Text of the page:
Embedded Touch Keyboard for Human-Machine Interface (HMI)

Padless Touch System (PTS) technology may be used in a wide range of applications including process instrumentation, machine tools, auto manufacturing, and consumer goods.

By Control Engineering Staff August 14, 2003

Padless Touch System (PTS) technology may be used in a wide range of applications including process instrumentation, machine tools, auto manufacturing, and consumer goods. Embedded touch keyboards based on PTS provide a cost-effective solution for many human-machine interfaces (HMI). The natural operator interface for industrial applications such as touch keyboards and touch screen operator interfaces can be easily and effectively designed by using PTS technology. Designers may select discrete electronic components or an ASIC (Application Specific Integrated Circuit), depending on the application and control scheme.

The PTS principle of operation is to detect a touch at a touch key location (touch keyboard/panel) by a user coupled to ground. The source model of PTS and discrete circuit implementation is shown in the figure below.

The input section of the circuit (V1, R1, R2 and Q1) produces pulses that are sent to the ground (earth ground or virtual ground). When a user, standing by a touch keyboard/panel, touches the dielectric element (such as a glass window or ceramic plate) on one sensing location, pulses are supplied to a conductive plate located under the dielectric element. A coupling path is thus formed through the body with reference to earth. An equivalent electrical model of the loop is shown by R ground, R body, C body and C glass.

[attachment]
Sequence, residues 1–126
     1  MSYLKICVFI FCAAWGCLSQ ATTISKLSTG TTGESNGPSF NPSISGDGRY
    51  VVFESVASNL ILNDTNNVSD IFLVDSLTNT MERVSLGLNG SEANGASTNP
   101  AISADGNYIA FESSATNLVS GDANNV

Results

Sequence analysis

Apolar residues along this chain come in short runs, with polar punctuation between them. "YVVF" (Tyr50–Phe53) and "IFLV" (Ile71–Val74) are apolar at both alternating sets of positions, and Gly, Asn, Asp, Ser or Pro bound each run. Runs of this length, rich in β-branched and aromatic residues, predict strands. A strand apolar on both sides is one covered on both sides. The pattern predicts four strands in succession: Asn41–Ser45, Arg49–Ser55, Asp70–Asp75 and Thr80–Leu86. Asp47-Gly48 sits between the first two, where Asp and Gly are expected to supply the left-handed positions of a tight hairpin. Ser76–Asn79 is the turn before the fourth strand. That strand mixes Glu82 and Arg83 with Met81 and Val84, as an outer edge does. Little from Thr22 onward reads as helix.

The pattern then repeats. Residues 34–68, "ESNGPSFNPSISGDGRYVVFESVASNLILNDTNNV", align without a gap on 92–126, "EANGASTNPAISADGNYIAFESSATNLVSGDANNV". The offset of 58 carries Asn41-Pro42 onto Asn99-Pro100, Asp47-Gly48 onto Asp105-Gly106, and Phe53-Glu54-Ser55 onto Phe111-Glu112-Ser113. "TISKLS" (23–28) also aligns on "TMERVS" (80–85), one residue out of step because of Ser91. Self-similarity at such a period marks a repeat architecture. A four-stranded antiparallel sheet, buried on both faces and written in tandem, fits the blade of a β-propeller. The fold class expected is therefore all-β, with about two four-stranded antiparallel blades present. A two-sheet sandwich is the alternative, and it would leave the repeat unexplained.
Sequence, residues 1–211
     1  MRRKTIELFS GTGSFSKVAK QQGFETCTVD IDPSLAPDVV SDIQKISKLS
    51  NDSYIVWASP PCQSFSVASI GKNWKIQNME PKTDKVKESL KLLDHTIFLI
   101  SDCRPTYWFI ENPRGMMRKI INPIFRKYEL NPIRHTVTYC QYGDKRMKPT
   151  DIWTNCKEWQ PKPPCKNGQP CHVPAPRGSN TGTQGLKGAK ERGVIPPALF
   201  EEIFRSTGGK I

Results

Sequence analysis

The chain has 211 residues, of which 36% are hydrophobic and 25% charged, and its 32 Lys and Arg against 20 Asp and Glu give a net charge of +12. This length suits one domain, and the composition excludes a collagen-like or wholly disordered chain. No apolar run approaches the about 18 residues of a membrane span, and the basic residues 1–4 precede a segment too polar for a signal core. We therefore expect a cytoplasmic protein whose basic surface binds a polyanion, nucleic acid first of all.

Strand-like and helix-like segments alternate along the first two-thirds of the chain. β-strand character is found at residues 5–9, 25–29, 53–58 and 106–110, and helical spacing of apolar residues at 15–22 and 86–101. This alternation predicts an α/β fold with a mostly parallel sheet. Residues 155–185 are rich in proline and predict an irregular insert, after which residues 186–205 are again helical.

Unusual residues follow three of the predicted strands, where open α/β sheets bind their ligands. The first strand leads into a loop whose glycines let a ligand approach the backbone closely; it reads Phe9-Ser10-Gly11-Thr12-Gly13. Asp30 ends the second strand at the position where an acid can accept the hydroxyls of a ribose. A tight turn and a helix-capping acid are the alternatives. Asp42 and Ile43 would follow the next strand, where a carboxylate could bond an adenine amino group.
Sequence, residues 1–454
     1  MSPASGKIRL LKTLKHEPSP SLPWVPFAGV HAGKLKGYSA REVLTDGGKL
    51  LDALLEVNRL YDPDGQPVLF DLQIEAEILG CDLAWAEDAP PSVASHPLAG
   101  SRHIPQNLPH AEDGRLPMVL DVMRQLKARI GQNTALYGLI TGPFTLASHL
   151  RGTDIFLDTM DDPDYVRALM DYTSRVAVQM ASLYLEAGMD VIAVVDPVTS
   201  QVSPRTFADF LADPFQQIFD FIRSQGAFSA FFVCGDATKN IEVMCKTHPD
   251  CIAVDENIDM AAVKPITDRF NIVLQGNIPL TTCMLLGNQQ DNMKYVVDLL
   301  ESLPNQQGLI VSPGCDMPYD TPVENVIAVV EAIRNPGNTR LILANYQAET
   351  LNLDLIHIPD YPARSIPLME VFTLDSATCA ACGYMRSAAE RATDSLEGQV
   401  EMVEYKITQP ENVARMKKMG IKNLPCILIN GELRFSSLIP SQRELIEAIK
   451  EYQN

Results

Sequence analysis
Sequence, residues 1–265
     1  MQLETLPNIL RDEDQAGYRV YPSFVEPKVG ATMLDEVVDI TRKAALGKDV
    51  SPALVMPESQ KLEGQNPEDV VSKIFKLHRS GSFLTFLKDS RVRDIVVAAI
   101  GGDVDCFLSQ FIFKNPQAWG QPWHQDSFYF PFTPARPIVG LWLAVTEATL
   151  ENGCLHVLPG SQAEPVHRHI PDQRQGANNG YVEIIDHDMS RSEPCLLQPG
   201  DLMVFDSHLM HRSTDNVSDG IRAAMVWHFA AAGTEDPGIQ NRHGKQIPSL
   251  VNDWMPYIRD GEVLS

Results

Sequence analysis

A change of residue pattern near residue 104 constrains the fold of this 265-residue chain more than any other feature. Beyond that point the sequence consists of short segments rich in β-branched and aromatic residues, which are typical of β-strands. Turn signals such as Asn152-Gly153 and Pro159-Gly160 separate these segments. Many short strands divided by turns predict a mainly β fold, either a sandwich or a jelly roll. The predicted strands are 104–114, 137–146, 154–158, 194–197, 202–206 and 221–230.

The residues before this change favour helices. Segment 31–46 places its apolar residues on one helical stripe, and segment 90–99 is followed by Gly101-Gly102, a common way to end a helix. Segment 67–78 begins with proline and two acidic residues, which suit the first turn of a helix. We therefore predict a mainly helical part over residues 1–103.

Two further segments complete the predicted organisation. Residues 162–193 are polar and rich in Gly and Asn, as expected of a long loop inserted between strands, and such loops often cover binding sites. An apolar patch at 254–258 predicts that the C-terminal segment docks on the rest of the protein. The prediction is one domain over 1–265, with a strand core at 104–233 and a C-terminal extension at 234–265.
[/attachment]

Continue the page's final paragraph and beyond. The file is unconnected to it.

The receiving section of the circuit (V2, R5, R6, Q2 and C3) responds to the predetermined potential variation in the conductive plate and produces an output signal indicative of the presence of a touch. An important advantage of PTS technology is that only the touch of the user, actively coupling the circuit, is activating the sensor—unlike the traditional sensing systems that depend on disturbing an existing capacitive circuit.

After extensive field and laboratory testing, a PTDE (Padless Touch Digital Encoder) ASIC was designed to enhance discrete circuit PTS designs already on the market. The PTDE ASIC is capable of deciphering, synchronizing and transplanting up to 50 padless touch keys, membrane or push button key inputs. The chip converts analog signals from key inputs via a 10-bit ADC (analog-digital converter) controlled by an Atmel AVR 8-bit RISC (reduced instruction set computer) microcontroller. A key matrix block converts the inputs from the keys and outputs a voltage level to the ADC multiplexer input. The encoded key data is directed via a GPIO (general purpose I/O) port or a 4-wire SPI (serial peripheral interface). A flat panel wipeable, rugged keyboard for industrial applications and the back of the panel, the component side of the PCB, are shown below:

Second generation PTS encoders are designed for wide variety of custom-designed operator interfaces with control microcomputer, keyboard modules, etc. microcontrollers are high performance, low power CMOS ICs with full control up to 42 keys. They are ready for operation without any calibration, tuning or other manipulation by the user. The user can set sensitivity according to the design needs. The IC output can be parallel PTS (direct binary code) or serial.

—Information for this article was provided by Dr. Miro Senk, Eng, Pressenk Instruments Inc. ( pressenk@bellnet.ca )and Simon Boutin, Tyco Electronics Corp. ( sboutin@tycoelectronics.com )

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